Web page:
“We always look at things from a researcher's point of view, which is also the user's point of view,” says Ryo Ukekawa of the Technology Development Unit. “Knowing that all our researchers consider purity to be crucial, we have focused on developing a method of capturing exosomes of high purity that is simpler and easier than previous methods.”

[Photo]Ryo Ukekawa, Research Scientist (Section Head), Technology Development Unit

Ryo Ukekawa, Research Scientist (Section Head),
Technology Development Unit

[Photo]We explore challenges and develop solutions from the same point of view as researchers.

We explore challenges and develop solutions from the same point of view as researchers.

Our projections were on the mark, and sales channels for that reagent are now expanding significantly.
Although we have been working on this research topic for a long time, the sudden burst of interest in exosomes put greater pressure on us to speed up our research. While this was happening, one of our technical support staff members told Mr. Ukekawa about a researcher at Osaka University and suggested that a collaboration could be interesting. When he went to meet the researcher, the two hit it off, and the research progressed swiftly.
“Even we are surprised by how quickly time passes in the life science industry. We never even have enough time to spend on a good reagent, so collaborative research and development have proved to be very effective.”

Structural Reforms of Research Laboratories Spur Acceleration

[Photo]Yoshifusa Sadamura, General Manager

Yoshifusa Sadamura, General Manager

The Life Science Research Laboratories has been producing landmark results in rapid succession. Behind those results lie structural reforms of the research laboratories.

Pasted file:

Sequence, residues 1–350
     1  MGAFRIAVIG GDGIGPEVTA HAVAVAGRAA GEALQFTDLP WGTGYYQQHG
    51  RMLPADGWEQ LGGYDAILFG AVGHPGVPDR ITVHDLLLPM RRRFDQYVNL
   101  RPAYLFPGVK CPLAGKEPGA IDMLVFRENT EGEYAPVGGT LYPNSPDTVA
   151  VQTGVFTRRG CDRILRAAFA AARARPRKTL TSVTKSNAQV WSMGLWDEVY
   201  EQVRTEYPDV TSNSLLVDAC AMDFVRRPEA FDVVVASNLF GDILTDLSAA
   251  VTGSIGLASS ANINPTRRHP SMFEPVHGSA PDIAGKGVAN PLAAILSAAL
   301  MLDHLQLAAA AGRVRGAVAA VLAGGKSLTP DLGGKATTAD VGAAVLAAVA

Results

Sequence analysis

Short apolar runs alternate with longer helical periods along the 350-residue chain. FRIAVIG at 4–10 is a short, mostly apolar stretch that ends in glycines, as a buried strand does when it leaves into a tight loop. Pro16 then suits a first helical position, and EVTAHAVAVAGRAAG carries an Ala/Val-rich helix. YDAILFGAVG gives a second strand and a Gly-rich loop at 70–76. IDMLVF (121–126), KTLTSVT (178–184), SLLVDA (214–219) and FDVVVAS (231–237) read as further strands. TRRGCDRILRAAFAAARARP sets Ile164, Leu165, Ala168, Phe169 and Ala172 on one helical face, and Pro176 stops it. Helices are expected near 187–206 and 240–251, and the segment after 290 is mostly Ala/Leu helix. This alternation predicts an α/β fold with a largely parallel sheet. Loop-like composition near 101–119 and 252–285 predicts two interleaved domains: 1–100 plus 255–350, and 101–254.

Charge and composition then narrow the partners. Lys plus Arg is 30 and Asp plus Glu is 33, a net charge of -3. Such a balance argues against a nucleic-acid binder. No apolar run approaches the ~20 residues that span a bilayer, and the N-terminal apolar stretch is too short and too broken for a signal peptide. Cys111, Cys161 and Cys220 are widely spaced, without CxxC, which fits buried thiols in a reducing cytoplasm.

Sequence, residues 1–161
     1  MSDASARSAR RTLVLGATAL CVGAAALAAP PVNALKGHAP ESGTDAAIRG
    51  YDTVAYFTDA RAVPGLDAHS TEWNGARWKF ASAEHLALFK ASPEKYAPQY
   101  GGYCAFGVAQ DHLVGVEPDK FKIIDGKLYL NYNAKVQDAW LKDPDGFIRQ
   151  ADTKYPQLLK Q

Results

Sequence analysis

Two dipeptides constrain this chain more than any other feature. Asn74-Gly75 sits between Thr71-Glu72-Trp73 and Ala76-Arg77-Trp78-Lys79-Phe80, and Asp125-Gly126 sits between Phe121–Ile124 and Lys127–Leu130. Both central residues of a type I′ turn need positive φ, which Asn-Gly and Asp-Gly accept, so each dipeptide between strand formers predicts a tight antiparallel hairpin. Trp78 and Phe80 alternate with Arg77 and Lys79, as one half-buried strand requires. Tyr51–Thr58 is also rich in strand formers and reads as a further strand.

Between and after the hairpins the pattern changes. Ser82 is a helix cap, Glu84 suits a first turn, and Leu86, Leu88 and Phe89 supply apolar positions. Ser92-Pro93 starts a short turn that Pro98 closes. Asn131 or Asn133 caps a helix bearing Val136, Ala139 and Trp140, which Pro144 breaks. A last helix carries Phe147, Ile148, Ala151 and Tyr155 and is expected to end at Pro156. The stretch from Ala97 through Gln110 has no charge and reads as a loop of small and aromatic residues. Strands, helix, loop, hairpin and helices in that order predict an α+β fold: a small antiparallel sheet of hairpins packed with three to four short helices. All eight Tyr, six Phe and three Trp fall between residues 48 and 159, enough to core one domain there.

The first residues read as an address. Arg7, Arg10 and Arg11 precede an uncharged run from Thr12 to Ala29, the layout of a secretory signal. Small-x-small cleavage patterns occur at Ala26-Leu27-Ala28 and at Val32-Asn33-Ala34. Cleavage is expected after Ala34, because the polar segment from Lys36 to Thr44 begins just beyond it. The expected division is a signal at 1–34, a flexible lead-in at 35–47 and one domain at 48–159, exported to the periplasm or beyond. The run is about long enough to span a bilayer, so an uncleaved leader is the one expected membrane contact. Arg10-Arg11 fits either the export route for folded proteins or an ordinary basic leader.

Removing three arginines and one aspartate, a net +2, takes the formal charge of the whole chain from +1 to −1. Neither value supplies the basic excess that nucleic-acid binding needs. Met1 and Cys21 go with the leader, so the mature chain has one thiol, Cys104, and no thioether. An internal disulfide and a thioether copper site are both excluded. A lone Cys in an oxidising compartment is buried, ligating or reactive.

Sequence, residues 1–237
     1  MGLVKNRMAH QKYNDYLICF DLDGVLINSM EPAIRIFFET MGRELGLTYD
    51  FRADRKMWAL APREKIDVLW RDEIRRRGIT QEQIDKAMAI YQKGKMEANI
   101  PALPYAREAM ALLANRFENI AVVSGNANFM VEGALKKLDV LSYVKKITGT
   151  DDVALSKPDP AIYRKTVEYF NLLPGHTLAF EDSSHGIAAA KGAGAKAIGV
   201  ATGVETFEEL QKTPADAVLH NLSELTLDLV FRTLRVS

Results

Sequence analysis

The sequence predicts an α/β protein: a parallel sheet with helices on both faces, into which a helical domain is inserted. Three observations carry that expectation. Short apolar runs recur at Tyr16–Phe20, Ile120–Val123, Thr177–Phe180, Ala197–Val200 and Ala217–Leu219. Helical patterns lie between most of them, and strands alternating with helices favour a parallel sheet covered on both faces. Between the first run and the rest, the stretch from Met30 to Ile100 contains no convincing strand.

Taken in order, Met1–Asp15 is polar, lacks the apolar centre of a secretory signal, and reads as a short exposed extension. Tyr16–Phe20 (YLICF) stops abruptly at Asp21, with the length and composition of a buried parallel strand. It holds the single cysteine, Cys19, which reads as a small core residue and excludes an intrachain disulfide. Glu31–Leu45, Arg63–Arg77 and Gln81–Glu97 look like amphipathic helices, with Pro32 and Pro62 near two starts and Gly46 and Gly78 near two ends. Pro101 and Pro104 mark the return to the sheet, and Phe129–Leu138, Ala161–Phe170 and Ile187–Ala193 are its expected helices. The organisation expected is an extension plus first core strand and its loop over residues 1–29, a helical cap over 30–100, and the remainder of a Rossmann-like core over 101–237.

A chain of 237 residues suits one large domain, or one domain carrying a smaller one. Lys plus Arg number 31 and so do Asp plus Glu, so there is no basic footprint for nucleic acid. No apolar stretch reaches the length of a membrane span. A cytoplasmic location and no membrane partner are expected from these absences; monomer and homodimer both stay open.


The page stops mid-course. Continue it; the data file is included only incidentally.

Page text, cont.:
The current general manager, Yoshifusa Sadamura, transferred from the Marketing Department in 2015. One thing he brought with him was a huge list of researchers he had compiled during his many years of work in marketing.
“If you heard the staff muttering, ‘Wouldn't it be great to have so-and-so,' you could suggest an appropriate scientist right away. In an age that demands fast-paced research, something like that makes all the difference,” he says.
We refer to that list when visiting researchers at universities and other institutions, performing collaborative research and producing papers. Our staff members can resolve any doubts and proceed to the next step without interrupting their research, and we are therefore able to provide products that meet society's needs in a timely manner.
“The customer's viewpoint is more important than anything. If you are thinking about providing products that will meet their needs, this is the only way to proceed.”
We also made drastic changes to the layout inside the research laboratories. All staff members used to be given their own booths, but we removed the partitions. Now the whole office can be seen from any seat. If you find out that someone is doing research in a related field, you can quickly change seats to discuss matters with them.
“There are clues hiding even in casual conversations. Good ideas are fostered when people come to share some knowledge and have discussions about it.”

Constantly Looking to the Future

We have succeeded in achieving a certain level of speed, but trends in the life sciences keep accelerating faster. Looking five or ten years ahead, it will be necessary to take further measures. We have to keep an eye on trends in IoT.

[Photo]Innovation is born from conversations between staff members.

Innovation is born from conversations between staff members.

“In three to five years' time, IoT will definitely be completely different from what it is today. Development of reagents will change dramatically, of course, as will the ways drugs are discovered and medical treatment is carried out. How will we make the most of our unique strengths in that context? We've got a lot of ideas,” says General Manager Sadamura.
Artificial intelligence will create development plans and robots will become commonplace in the laboratories of the future. We are already preparing ourselves with a strategy that looks well into the future.